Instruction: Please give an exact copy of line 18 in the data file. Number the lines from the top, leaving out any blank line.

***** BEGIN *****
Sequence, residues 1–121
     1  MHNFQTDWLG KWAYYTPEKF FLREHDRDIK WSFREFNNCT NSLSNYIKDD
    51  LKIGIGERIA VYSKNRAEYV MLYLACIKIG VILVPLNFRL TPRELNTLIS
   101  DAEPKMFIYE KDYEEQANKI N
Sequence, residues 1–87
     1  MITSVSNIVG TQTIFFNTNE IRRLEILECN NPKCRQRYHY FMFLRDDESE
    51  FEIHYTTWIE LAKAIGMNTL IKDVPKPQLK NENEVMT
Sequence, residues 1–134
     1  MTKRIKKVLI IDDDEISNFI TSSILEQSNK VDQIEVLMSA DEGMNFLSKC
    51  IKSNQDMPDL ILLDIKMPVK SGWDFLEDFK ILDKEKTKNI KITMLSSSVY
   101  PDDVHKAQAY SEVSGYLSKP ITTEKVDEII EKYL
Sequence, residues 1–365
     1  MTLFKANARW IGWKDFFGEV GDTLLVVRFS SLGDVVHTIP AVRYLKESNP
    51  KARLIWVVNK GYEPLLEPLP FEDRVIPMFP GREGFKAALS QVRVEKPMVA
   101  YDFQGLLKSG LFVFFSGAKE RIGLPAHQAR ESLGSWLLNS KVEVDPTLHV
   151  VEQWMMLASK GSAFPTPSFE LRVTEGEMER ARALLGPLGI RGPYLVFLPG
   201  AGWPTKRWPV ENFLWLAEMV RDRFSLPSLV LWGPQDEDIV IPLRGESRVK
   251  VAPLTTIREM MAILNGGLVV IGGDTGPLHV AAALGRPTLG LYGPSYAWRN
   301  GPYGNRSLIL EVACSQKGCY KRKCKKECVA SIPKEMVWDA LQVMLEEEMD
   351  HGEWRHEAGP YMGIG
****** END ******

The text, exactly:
   251  VAPLTTIREM MAILNGGLVV IGGDTGPLHV AAALGRPTLG LYGPSYAWRN